# Unique solution for probabilistic PCA

@ferrine

I got the model to report average loss properly by changing w in symbolic_logp_not_scaled from [.5,.5] to theano.tensor.stack([.5,.5]).

@node_property
def symbolic_logq_not_scaled(self):

z = self.symbolic_random

mu=theano.tensor.stack([self.mean, -self.mean])
sd=theano.tensor.stack([self.std, self.std])

logq = NormalMixture.dist(w=theano.tensor.stack([.5,.5]),
mu=mu,
sd=sd
).logp(z)

return logq.sum(range(1, logq.ndim))

My SMF implementation that I used in my experiments
IMPORTANT!

# if we sample from mixture, we should not broadcast random sign!!!
# this works with 1 sample approximationm but it does not matter here
sign = pm.floatX(theano.tensor.as_tensor([-1, 1]))[(self._rng.uniform(()) > 0).astype('int8')]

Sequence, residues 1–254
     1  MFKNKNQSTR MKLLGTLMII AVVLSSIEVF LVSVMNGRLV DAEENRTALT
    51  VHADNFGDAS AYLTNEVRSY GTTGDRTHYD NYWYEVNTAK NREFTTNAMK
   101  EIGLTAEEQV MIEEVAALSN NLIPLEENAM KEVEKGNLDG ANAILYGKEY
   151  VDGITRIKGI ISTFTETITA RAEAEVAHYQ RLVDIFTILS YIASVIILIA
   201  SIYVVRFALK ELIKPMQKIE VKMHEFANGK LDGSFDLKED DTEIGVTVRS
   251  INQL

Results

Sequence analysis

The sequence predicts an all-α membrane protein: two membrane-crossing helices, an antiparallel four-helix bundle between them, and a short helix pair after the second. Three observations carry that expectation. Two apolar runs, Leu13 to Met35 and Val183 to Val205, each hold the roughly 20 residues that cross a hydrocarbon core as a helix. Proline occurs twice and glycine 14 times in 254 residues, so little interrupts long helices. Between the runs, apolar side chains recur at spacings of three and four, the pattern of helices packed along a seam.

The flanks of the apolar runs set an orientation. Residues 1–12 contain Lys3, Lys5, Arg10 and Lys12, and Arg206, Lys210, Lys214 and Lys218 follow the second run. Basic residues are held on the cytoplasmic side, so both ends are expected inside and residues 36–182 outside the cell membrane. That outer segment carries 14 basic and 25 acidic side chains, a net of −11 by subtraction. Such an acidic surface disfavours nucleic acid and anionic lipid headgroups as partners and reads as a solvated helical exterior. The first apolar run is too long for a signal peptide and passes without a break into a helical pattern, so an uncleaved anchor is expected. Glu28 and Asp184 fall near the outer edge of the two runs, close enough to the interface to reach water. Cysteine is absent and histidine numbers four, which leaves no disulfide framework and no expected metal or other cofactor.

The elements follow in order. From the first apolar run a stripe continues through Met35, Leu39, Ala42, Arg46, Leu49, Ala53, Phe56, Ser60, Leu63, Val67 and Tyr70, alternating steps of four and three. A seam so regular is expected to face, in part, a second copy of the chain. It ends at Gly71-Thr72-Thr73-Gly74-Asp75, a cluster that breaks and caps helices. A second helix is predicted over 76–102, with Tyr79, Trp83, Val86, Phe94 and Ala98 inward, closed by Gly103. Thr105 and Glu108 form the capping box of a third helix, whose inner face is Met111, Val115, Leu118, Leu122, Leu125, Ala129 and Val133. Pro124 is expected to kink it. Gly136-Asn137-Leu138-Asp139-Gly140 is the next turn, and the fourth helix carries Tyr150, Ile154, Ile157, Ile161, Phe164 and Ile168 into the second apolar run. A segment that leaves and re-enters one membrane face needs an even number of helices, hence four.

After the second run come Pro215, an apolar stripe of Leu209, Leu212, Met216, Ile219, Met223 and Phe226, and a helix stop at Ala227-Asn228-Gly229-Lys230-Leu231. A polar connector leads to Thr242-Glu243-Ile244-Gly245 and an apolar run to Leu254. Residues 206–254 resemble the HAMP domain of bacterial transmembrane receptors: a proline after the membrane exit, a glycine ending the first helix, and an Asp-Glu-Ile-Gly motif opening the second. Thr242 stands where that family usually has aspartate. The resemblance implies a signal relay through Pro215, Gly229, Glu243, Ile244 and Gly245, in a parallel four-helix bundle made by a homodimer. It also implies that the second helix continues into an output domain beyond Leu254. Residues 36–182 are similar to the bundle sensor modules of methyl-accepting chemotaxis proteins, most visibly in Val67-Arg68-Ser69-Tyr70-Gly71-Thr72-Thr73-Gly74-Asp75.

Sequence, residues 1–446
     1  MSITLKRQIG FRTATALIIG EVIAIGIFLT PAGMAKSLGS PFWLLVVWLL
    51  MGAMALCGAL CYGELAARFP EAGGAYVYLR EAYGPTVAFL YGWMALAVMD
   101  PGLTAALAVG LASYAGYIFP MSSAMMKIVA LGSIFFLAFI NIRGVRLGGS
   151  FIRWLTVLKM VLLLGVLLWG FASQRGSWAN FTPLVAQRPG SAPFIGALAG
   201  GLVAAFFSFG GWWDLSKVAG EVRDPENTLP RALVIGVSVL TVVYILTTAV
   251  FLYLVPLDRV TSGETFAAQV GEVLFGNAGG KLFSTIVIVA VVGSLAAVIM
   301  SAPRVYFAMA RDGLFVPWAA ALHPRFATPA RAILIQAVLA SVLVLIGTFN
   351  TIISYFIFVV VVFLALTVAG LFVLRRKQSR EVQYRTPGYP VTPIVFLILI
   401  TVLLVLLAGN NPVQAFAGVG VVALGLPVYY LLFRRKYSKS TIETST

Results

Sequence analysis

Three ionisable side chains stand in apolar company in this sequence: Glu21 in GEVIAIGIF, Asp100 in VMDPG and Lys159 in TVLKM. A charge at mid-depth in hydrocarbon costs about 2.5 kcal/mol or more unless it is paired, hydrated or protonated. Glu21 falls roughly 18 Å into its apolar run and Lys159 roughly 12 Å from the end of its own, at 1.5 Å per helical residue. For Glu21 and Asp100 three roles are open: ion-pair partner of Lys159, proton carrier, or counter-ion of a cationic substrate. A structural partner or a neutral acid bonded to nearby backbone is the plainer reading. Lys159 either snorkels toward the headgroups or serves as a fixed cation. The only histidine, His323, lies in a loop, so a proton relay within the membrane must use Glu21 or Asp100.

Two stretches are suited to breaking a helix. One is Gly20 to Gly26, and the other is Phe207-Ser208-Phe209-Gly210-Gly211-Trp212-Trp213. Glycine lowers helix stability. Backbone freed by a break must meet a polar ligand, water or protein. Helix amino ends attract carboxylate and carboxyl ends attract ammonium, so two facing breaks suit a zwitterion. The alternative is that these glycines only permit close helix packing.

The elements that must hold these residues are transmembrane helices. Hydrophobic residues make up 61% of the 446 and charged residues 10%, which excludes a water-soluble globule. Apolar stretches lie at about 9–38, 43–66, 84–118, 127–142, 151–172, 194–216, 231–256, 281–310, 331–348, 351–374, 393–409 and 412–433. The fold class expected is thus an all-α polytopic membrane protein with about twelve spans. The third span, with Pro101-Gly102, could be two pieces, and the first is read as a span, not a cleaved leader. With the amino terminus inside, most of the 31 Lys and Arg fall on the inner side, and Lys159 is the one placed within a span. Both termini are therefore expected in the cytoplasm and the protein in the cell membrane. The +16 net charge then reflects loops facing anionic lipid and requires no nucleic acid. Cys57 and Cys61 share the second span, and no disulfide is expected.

from pymc3.variational.opvi import Group, node_property
from pymc3.variational.approximations import MeanFieldGroup

@Group.register
class SymmetricMeanFieldGroup(MeanFieldGroup):
"""Symmetric MeanField Group for Symmetrized VI"""
__param_spec__ = dict(smu=('d', ), rho=('d', ))
short_name = 'sym_mean_field'
alias_names = frozenset(['smf'])

@node_property
def mean(self):
return self.params_dict['smu']

def create_shared_params(self, start=None):
if start is None:
start = self.model.test_point
else:
start_ = start.copy()
update_start_vals(start_, self.model.test_point, self.model)
start = start_
if self.batched:
start = start[self.group.name]
else:
start = self.bij.map(start)
rho = np.zeros((self.ddim,))
if self.batched:
start = np.tile(start, (self.bdim, 1))
rho = np.tile(rho, (self.bdim, 1))
return {'smu': theano.shared(
pm.floatX(start), 'smu'),
'rho': theano.shared(
pm.floatX(rho), 'rho')}

@node_property
def symbolic_random(self):
initial = self.symbolic_initial
# if we sample from mixture, we should not broadcast random sign!!!
sign = pm.floatX(theano.tensor.as_tensor([-1, 1]))[(self._rng.uniform(()) > 0).astype('int8')]
sigma = self.std
mu = self.mean